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Talking tower blocks: More Charlton Conversations about riverside plans

Anchor & Hope Lane development site
There are three public exhibitions this week from developer Rockwell, which is looking to kickstart the Charlton Riverside redevelopment by building on land off Anchor & Hope Lane.

An earlier exhibition, held in September, was pretty light in information – contrasting with off-stage grumbles that Rockwell was planning to build a large tower block (specific grumbles have placed the towers at anything between 23 and 27 storeys).

You can see the information boards here, there’s a consultation report here, and there’s a box ticked here: ☑

Now there’s a new exhibition of Final Proposals – that was quick, wasn’t it? It’s not in Charlton, it’s down at Greenwich Yacht Club on Wednesday 23rd November (4pm-8pm), Thursday 24th November (6.30pm-9pm) and Sunday 27th November (10am-4pm). There’s (not a lot) more at charltonconversations.com. (Update: Wednesday’s session has been cancelled.)

There’s still no sign of Greenwich Council bothering to release its latest masterplan for the area – the old one envisaged a “garden city”-style set of low-rise developments for the Charlton riverside. Presumably it’s hoping to let the developers take the flak for proposing tower blocks before releasing a document that encourages tower blocks.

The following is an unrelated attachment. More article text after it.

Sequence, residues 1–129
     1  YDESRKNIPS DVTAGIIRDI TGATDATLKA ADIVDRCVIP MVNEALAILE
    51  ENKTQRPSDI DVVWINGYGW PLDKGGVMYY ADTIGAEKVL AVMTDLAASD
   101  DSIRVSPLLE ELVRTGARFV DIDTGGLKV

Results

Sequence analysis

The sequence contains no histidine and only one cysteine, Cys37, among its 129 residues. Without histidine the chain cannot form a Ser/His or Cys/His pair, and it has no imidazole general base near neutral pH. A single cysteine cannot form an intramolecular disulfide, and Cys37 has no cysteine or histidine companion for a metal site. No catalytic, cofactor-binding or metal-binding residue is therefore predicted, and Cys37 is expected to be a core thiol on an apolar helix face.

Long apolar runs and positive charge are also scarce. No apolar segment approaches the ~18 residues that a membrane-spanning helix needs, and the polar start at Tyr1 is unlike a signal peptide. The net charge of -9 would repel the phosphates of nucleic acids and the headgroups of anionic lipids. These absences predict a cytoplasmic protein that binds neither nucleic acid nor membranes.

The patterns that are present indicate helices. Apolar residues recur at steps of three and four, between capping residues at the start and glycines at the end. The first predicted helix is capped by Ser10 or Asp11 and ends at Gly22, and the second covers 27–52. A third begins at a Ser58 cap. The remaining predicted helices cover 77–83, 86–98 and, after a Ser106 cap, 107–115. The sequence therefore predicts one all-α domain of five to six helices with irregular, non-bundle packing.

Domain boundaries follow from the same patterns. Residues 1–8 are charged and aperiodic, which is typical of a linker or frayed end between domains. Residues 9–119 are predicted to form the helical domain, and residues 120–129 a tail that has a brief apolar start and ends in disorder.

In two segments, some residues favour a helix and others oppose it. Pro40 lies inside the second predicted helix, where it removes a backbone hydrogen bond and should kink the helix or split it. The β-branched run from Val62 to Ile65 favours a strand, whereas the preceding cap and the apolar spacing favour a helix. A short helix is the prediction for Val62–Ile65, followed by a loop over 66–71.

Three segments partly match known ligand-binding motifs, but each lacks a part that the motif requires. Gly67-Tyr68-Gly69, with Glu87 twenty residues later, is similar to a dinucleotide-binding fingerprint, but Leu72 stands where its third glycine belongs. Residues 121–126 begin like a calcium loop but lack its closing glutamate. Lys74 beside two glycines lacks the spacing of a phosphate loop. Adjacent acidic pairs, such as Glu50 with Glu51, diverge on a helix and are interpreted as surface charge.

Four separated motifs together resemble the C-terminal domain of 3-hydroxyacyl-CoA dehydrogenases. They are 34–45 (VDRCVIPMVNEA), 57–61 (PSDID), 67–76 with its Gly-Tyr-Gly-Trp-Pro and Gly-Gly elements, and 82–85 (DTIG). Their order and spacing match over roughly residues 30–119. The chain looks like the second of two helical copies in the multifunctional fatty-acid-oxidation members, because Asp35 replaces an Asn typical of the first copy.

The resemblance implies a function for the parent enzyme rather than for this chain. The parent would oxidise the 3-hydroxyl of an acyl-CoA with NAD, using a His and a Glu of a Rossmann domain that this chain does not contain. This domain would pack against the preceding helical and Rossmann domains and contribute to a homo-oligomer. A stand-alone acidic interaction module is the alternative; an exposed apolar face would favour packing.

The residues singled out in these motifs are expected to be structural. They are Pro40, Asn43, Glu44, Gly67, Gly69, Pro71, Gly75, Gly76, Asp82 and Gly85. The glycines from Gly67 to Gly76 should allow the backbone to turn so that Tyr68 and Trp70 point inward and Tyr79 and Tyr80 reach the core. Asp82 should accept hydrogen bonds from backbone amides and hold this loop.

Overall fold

Rockwell is familiar with Greenwich Council, with founder Donal Mulryan behind the original version of the Enderby Wharf cruise terminal and flats development in east Greenwich.

Of course, London has a housing crisis and not much space, so one answer is to build up. Whether a spot overlooking Atlas Gardens and Derrick Gardens is the right place to do it is another question. There’s an honest debate to be had and this proposal is likely to face opposition. Hopefully those who challenge these plans will be as open and honest as they would wish the developers (and council) to be, rather than indulging in the sniping from the shadows that has characterised past planning rows in this area.

The next stage of the Anchor & Hope Lane scheme follows the announcement by U+I and Galliard Homes of plans to redevelop the Westminster Industrial Estate, on the Charlton/Woolwich border, as a “creative style urban quarter for London”.